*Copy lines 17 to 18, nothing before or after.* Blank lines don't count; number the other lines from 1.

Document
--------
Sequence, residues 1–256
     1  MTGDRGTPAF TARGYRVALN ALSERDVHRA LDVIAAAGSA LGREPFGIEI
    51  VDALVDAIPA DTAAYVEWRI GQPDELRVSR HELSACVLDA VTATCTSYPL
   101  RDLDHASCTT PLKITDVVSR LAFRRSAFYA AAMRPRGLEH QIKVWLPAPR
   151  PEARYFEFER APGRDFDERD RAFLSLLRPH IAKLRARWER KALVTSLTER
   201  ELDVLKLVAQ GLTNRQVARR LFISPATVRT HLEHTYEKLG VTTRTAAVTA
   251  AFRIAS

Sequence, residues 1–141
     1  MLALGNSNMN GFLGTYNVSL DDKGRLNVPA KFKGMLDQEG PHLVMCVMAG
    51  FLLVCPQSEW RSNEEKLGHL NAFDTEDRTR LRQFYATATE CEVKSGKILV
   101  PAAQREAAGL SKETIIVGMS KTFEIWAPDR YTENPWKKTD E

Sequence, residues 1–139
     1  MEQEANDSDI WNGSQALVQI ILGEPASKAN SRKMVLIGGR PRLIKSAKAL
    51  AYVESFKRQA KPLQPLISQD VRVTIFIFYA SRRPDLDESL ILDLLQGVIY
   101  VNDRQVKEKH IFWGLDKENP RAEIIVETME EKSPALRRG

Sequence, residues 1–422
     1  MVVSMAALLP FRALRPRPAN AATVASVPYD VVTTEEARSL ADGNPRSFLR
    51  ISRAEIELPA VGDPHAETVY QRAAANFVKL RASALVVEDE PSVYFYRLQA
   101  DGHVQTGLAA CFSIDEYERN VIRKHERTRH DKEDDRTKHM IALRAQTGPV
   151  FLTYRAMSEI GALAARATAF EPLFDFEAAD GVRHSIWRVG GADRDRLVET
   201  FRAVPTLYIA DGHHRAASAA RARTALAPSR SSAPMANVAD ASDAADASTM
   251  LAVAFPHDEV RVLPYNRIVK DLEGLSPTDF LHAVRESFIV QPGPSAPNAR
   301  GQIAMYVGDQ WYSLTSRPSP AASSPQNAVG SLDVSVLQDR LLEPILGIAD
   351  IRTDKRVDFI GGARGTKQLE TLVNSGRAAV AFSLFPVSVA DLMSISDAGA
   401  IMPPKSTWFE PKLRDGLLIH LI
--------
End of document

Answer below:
     1  MVVSMAALLP FRALRPRPAN AATVASVPYD VVTTEEARSL ADGNPRSFLR
    51  ISRAEIELPA VGDPHAETVY QRAAANFVKL RASALVVEDE PSVYFYRLQA